NEWS FLASH : Disclosure in the Family court
Further to my recent short article re slow disclosure of medical records under DPA/GDPR, the provisions of s31G of the Matrimonial and Family Proceedings Act 1984 are also of relevance (inserted by the C and C Act 2013).
For some reason, the section is not reproduced in my Red Book 2018 in the MFPA 1984 section, but reads as follows:-
31G Witnesses and evidence
(1) Subsection (2) applies where the family court is satisfied that a person in England and Wales is likely to be able to give material evidence, or produce any document or thing likely to be material evidence, in proceedings in the court.
(2) The court may, if it is satisfied that it is in the interests of justice to do so, issue a summons—
(a) requiring the person to attend before the court, at the time and place specified in the summons, to give evidence,
(b) requiring the person to attend before the court, at the time and place specified in the summons, to produce the document or thing, or
(c) requiring the person to produce the document or thing to the court.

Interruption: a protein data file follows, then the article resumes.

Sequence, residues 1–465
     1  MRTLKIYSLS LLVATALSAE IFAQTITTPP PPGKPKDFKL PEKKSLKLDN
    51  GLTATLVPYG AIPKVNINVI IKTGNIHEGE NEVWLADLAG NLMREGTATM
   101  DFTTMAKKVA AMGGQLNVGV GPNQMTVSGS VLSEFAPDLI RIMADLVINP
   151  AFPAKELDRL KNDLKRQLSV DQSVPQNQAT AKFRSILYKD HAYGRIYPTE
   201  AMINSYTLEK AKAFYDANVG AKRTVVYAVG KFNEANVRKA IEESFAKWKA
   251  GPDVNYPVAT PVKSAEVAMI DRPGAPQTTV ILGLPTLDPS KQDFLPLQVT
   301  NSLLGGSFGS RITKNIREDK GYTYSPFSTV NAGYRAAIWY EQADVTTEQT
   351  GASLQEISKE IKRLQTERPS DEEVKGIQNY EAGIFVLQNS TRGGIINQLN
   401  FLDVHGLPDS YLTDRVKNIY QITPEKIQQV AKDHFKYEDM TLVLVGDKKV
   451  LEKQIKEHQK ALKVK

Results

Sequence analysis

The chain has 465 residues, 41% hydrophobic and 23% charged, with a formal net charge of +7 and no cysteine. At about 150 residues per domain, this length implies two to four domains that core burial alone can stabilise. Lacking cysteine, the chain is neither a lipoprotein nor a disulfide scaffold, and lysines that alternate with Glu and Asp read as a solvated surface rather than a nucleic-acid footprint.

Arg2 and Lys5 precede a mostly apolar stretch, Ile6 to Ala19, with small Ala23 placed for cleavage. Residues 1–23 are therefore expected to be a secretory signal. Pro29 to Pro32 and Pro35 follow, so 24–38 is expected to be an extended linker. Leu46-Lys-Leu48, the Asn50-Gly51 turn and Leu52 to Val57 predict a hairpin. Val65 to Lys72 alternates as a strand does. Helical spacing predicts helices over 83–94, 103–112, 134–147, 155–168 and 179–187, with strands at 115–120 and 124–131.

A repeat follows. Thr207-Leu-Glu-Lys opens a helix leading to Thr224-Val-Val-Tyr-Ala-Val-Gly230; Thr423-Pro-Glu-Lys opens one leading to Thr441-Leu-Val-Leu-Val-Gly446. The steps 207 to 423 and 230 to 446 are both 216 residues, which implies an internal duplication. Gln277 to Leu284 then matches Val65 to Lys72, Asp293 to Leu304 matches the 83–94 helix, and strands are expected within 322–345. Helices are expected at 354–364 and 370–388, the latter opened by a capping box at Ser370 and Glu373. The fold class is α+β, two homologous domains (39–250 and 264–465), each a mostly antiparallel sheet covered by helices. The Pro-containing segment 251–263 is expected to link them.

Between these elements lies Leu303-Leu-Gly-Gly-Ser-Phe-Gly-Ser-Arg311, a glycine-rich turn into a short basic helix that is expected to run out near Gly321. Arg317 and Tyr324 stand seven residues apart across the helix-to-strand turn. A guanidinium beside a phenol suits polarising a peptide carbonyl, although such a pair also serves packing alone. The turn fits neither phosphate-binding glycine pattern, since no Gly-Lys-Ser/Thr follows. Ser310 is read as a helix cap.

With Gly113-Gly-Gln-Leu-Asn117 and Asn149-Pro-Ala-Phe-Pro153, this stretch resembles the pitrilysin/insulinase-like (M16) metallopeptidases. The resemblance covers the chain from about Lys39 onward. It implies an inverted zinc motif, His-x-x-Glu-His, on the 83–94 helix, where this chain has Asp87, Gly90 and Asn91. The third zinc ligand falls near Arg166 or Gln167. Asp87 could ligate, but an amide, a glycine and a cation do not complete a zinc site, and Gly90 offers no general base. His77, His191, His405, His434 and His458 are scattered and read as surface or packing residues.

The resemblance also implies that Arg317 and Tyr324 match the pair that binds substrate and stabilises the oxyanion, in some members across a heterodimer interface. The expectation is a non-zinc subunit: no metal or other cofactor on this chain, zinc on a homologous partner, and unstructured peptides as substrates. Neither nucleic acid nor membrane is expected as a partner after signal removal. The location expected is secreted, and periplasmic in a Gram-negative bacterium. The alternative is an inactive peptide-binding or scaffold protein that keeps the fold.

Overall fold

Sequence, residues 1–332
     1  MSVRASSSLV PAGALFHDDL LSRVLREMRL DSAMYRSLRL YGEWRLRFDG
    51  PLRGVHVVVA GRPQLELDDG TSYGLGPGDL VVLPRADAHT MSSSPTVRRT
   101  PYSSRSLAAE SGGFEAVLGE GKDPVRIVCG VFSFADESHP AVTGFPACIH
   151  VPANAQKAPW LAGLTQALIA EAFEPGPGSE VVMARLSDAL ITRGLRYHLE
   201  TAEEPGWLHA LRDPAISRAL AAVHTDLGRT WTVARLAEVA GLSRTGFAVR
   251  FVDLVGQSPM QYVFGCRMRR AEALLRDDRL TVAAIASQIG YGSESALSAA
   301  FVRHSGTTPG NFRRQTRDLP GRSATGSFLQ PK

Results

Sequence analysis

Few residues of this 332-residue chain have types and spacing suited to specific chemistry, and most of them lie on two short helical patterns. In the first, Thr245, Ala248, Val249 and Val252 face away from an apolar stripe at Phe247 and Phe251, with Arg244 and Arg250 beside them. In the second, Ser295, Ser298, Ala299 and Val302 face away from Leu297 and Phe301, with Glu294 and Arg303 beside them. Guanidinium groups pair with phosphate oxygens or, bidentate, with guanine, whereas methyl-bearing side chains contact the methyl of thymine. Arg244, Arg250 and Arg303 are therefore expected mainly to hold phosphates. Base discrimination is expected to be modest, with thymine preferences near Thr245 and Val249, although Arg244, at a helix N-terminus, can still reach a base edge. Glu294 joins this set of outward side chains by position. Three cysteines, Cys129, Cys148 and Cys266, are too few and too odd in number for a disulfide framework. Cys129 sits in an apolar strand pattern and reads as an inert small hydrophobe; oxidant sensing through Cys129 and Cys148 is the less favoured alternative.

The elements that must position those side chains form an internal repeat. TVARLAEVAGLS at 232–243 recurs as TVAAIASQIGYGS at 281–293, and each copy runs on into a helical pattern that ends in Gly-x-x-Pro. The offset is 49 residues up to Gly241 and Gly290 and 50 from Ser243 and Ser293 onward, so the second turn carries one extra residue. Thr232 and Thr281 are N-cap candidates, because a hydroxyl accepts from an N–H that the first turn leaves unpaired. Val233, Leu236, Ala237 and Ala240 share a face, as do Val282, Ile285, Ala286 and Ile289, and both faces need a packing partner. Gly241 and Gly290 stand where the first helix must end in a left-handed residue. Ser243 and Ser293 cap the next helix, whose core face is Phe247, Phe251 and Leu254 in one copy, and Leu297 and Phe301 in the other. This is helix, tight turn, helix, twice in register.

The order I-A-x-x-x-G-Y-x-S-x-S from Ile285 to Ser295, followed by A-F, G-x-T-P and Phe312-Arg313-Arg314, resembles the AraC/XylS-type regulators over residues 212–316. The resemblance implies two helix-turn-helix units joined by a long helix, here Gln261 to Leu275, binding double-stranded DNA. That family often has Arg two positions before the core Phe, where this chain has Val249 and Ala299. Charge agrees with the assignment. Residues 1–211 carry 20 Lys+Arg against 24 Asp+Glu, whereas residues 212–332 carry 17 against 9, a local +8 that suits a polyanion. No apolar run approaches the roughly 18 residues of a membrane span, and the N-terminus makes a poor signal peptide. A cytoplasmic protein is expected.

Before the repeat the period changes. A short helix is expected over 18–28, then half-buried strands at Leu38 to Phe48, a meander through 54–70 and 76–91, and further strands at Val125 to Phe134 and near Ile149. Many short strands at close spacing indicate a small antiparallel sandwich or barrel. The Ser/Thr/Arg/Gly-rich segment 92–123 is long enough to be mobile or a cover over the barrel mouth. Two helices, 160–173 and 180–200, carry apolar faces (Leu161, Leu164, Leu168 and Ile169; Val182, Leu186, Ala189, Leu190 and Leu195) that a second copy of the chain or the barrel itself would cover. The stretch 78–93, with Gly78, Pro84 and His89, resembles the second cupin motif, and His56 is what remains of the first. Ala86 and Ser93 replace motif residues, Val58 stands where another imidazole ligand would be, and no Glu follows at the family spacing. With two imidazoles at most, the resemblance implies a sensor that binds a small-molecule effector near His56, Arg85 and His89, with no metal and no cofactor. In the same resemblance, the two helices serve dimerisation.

The section was considered by Sir James Munby (sitting as High Court Judge) In the matter of Re H  EWFC 61, wherein he said:-
- It is also clear that the family court can, if this is necessary to enable it to dispose of the proceedings before it justly and fairly, make an order requiring the third party decision maker, or an individual specified by the family court for the purpose, to disclose relevant documents or to give evidence (see further, paragraph 38 below) (GF’s note - this refers to the mandatory wording of para 7.4 Police protocol - "The police and the CPS will comply with any court order."). The jurisdiction to make such an order is quite plainly conferred by section 31G of the Matrimonial and Family Proceedings Act 1984, to which Mr Day referred me, and there is nothing, whether in section 31G itself, or in the provisions of the Family Procedure Rules, or in the case-law or in principle, to exonerate the police, the CPS or any other public agency or authority from the reach of section 31G. Section 31G goes to the power of the court to make an order for the disclosure of documents or the giving of evidence; it does not, I emphasise, empower the court to disregard the principle that although the court can demand an explanation it cannot require the third party to justify its decision.
Re H is also interesting because it provided an opportunity for Sir James to examine the limits of the Family Courts powers in connection with any Crown Court proceedings running in parallel or other agencies or authorities.